This TOG has marked the inaugural Thailand S\V14 ParaSailing Championships. The S\V14 was born out of an initiative proposed by local marine surveyor, Peter Jacops, and taken up by the celebrated design house Simonis Voogd. The first boats were built in ply, in Pattaya, and then Far East Boats (Shanghai) stepped up to the plate with an offer to build in GRP and sell at cost in order to stimulate the growth of parasailing at an affordable entry level not just in Asia but all over the world. This week’s racing series was the result, involving para sailors from Thailand, Estonia, South Africa, the Philippines, USA, and France. After 11 races over four days the seven-boat fleet was dominated by local Thai sailors Paisol Pateh and Mahseedi Hadumor. Existing para boats (Hansa, mR2.4, Skud and more) are either expensive or look very much like a kiddie paddle boat that you might hire on a lake in an amusement park. The S\V14 is designed to be a performance boat with looks. From what we have seen of it, it works. Disabled Sailing Associations and Sailability centres take note: you can put one of these on the water for just USD3,500, whereas a brand new 2.4mR can cost as much as USD20,000.

While the big boats were going at it hammer and tongs in the 10kts of breeze (and building) on offer, the various Lasers, 420s, 470s and even a brave and solitary Finn were finishing off their series’ on the adjacent race area. Top of the Gulf likes to call itself “an inclusive regatta” and certainly the combination of one and two-person dinghies, Optimists, and S\V14s helps to live up to the claim.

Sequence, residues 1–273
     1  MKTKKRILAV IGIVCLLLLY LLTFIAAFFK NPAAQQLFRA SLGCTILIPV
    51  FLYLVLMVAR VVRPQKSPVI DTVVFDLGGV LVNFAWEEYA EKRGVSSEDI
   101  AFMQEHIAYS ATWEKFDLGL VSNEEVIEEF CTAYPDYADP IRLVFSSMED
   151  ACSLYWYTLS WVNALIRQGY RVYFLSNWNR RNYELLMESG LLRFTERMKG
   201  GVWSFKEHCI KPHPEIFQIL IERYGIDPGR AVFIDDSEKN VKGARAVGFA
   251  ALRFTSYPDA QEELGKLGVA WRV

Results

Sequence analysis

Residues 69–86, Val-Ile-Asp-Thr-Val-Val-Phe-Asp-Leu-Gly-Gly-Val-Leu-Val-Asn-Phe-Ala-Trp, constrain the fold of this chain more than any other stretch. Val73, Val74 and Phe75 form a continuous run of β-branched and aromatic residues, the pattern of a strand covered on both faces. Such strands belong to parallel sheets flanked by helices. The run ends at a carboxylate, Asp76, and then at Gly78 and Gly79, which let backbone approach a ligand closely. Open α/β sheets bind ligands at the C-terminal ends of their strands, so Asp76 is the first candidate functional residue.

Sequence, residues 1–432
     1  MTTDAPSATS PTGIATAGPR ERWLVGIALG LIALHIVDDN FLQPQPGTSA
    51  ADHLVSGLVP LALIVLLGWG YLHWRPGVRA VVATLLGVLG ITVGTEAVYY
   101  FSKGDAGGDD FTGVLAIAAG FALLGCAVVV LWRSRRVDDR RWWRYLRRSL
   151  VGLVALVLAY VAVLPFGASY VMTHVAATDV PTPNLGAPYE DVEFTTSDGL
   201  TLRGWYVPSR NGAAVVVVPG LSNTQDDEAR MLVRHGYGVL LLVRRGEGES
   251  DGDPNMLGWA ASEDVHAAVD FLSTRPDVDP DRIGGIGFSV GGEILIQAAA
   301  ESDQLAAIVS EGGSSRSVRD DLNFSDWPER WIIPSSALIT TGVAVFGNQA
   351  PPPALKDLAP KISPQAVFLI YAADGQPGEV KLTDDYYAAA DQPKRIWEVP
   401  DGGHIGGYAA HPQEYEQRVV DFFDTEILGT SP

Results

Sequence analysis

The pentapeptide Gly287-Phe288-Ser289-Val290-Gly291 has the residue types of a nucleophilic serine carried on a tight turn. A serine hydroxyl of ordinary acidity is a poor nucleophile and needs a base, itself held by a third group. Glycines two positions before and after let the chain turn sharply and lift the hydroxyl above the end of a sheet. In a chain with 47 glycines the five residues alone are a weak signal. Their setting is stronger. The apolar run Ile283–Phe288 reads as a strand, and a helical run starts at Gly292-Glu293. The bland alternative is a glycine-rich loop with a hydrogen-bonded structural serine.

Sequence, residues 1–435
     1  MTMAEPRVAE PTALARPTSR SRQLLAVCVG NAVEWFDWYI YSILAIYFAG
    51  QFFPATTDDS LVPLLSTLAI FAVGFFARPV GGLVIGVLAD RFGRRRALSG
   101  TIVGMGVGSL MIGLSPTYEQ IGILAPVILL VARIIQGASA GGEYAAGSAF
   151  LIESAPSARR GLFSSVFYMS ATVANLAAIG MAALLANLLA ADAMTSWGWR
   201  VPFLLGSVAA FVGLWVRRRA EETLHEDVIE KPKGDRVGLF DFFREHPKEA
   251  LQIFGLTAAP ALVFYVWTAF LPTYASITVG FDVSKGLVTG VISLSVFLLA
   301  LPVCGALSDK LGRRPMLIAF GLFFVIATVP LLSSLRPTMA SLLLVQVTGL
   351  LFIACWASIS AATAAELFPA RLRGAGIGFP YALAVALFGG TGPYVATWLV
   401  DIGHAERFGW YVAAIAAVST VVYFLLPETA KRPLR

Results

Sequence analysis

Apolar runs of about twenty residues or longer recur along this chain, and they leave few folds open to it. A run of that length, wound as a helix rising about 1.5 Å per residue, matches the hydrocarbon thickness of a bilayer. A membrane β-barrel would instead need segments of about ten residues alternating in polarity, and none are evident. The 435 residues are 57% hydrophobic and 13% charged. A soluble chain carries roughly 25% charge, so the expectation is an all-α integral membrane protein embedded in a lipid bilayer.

But wouldn’t it be nice if there were a few more big boats? This is a regatta run out of a five star marina with heaps of accommodation nearby – all grades. Ocean Marina Yacht Club is in Pattaya, an hour from Bangkok International Airport by road. The weather usually cooperates rather better than it has this week (but heck, weather is one thing that nobody can control. Not even the gods that walk on the earth: sailors). It has been noted before – this event deserves more support than it gets. Top of the Gulf started out as a big boat regatta, and the dinghies came along later. Now the small boats outnumber their bigger relations 6 to 1, and number of participating sailors is pretty similar – which presumably proves that you can count more entries when your customers are dinghy sailors even thouigh the number of participants are the same in the big boat fleet. Hmmm… bigger boats dilute entry numbers.

Congratulations to Ocean Marina Yacht Club on a concerted effort to reduce plastic usage and plastic waste. There were no straws anywhere in sight, and (oh joy!) no plastic cups. It probably helps that the Ocean Group (as in Ocean Marina) includes Ocean Glass, said to be the biggest glass producer in Thailand. Scott Finsten, OMYC Harbourmaster, said, “If Ocean glass is sufficiantly robust for sailors’ parties, it must be good enough for almost anything!” In addition, all ‘lunchboxes’ on the Media boat came in a light canvas shopping bag rather than a polystyrene box or plastic bag. That’s a five-star initiative, and greatly to be commended.

How good was the last day? PRO Jerry Rollin reported that there was a horn that ran out of gas, and that was it. SO if TOG 2020 carries on where TOG 2019 left off, a good result is guaranteed. Please mark the first week of May in your diaries.

Full Results for TOG 2019 at